This perspective can be liberating but also requires a mindset shift for newcomers. It encourages exploring diverse opportunities and being bold when moving on when seeking new challenges or growth. Understanding this can dramatically affect how newcomers approach their career paths in Australia, encouraging them to embrace change and continuous learning as positive steps forward.

Understanding the Australian Pay Cycle

The pay cycle is another aspect of working in Australia that can surprise newcomers. Unlike in many countries where monthly salaries are the norm, wages are often paid weekly or fortnightly in Australia. This frequent pay cycle can be a welcome change for many but requires budgeting and financial planning adjustments. It's a shift highlighting the broader theme of flexibility and adaptation needed for all aspects of migrating to and working in a new country.

Embracing Networking and Volunteer Work

In Australia, networking and volunteer work are not just buzzwords but essential keys to unlocking career opportunities. For many newcomers, 'networking' can feel foreign or intimidating. It's more than just about making professional connections but about building genuine relationships that provide support, advice, and opportunities. 

Take a closer look at Juliana's story, which beautifully demonstrates the power of this transformation. Originally from Brazil, she encountered significant hurdles in landing a job within her HR expertise upon moving to Perth. Despite being well-qualified, the shift from her professional life in Brazil to establishing herself in the Australian job market was challenging. During this transitional phase, Juliana navigated unfamiliar professional landscapes while taking up hospitality roles to support herself financially.

Juliana’s participation in my mentoring program marked a turning point. I encourage my mentees to immerse themselves in networking events as a practical application of our lessons. Juliana embraced this opportunity and attended a networking event with me that allowed her to showcase her skills and aspirations and visualise a path to achieving her career goals in Australia—a notion she had begun to doubt.

The impact of this event on Juliana was profound. Within three weeks, she secured her inaugural role in her field in Australia. This breakthrough was more than just a career milestone; it represented a pivotal moment in overcoming the feeling of being viewed as a "second-class citizen"—a sentiment all too common among newcomers. 

Volunteer work, too, is a fantastic way to gain local experience, improve language skills for those who need it, and meet people from various backgrounds. Although this concept might be unfamiliar to newcomers used to a more transactional job market, it's a practice that can significantly enrich their personal and professional lives.

The Challenge of Social Integration

The challenge here isn't about open hostility or discrimination but rather the subtleties of social integration. Many Australians have built social circles through school, university, and early careers. These established networks can seem impenetrable to someone just arriving in the country. For newcomers, the question often isn't how to meet people—that can happen through work, events, or activities—but how to move from being an acquaintance to a friend.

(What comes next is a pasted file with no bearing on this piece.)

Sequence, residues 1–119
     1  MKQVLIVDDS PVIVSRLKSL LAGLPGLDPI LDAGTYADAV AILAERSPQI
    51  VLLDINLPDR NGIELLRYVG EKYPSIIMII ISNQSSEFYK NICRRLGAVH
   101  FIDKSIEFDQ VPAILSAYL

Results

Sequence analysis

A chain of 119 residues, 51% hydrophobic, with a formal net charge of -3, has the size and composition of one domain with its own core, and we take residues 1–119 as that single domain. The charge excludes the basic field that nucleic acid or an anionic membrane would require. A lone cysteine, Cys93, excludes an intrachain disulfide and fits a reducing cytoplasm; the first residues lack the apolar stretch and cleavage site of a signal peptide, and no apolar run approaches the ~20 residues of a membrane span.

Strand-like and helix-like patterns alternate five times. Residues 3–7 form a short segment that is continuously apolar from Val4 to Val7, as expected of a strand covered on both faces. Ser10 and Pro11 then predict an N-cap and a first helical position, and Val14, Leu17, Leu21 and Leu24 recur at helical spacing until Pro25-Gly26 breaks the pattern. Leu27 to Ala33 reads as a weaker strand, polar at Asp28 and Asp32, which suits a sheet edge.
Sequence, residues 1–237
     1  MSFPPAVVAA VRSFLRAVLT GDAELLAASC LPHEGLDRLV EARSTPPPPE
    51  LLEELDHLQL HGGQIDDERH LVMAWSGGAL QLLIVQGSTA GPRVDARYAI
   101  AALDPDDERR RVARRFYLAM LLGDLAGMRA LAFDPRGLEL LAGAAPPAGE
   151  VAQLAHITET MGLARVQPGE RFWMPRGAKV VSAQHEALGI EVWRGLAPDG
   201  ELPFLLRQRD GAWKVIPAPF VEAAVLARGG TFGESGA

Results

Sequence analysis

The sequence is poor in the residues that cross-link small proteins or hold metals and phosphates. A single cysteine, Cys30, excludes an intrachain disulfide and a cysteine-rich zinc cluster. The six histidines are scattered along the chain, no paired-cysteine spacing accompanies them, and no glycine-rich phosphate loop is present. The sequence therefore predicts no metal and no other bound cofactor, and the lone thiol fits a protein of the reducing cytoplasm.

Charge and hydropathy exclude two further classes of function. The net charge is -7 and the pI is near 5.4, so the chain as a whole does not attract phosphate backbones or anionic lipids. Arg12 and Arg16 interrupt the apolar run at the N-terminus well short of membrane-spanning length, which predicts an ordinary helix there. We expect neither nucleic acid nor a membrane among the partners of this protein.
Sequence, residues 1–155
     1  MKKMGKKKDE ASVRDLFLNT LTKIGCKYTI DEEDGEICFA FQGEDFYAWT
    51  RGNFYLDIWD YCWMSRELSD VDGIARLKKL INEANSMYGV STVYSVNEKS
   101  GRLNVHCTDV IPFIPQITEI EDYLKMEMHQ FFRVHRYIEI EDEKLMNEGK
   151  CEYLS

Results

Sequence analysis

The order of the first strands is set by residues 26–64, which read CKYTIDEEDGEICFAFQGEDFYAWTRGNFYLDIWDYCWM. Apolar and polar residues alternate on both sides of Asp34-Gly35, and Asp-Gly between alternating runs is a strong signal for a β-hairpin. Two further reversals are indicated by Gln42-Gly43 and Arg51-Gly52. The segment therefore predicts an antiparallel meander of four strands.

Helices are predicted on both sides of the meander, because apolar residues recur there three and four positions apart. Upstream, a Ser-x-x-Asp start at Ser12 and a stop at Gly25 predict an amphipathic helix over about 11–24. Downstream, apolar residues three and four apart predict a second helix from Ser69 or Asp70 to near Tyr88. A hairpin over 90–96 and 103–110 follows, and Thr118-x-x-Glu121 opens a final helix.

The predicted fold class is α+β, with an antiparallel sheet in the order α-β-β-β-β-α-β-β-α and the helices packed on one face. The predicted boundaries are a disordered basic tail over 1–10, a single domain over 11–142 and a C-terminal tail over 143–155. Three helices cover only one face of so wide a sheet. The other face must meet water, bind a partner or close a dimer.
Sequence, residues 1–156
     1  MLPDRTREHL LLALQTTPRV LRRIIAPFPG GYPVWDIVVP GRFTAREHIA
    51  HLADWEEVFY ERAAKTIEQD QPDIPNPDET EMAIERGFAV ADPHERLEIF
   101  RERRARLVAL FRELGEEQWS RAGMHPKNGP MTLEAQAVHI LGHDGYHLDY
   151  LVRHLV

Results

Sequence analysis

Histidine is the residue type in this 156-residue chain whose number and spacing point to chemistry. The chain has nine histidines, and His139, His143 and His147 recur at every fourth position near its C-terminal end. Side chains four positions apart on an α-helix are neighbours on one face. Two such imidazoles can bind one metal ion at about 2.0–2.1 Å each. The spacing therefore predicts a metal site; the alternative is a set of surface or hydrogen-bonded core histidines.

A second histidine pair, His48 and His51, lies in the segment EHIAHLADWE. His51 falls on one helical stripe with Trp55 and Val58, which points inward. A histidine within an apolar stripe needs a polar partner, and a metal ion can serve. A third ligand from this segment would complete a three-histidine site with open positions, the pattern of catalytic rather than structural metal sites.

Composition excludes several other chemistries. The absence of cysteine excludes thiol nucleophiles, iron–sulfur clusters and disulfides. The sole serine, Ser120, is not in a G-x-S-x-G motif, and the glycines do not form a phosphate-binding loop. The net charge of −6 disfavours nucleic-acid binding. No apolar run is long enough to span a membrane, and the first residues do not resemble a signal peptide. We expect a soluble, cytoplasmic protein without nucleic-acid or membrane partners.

Bridging this social gap requires effort from both sides. Australians can make a significant impact by being more open to including newcomers in social activities beyond the workplace or formal settings. Something as simple as an invitation to a barbecue, a local sports event, or a family gathering can make all the difference in making someone feel welcomed and valued.

For newcomers, the key lies in being proactive and open to new experiences. This might mean stepping out of one's comfort zone to attend local events, joining clubs or groups aligned with personal interests, or volunteering for community services. It's also about patience and understanding that deep connections take time to develop.

Looking Ahead: The Path Forward

As career development professionals, we're more than just advisors; I see us as allies, advocates, and cheerleaders. Our mission? To guide individuals to land jobs and carve out fulfilling careers that mirror their dreams and contributions. This journey demands our commitment to continuous learning, ensuring our guidance stays relevant and impactful.

Before we part ways, I want to emphasise something crucial: newcomers are more than their job titles or just the roles they fill. They've journeyed to our beautiful country, eager to contribute with their skills and talents, not to become second-class citizens in a first-world country full of opportunities. 

Integrating Personal Experience with Professional Guidance

My journey as a newcomer in different cities and countries has shaped me professionally and personally, enriching my understanding of newcomers' challenges and fuelling my passion for supporting their transitions. 

I want to remind you that helping newcomers navigate their career paths carries profound significance. It transcends mere employment; it's about assisting individuals in crafting new lives.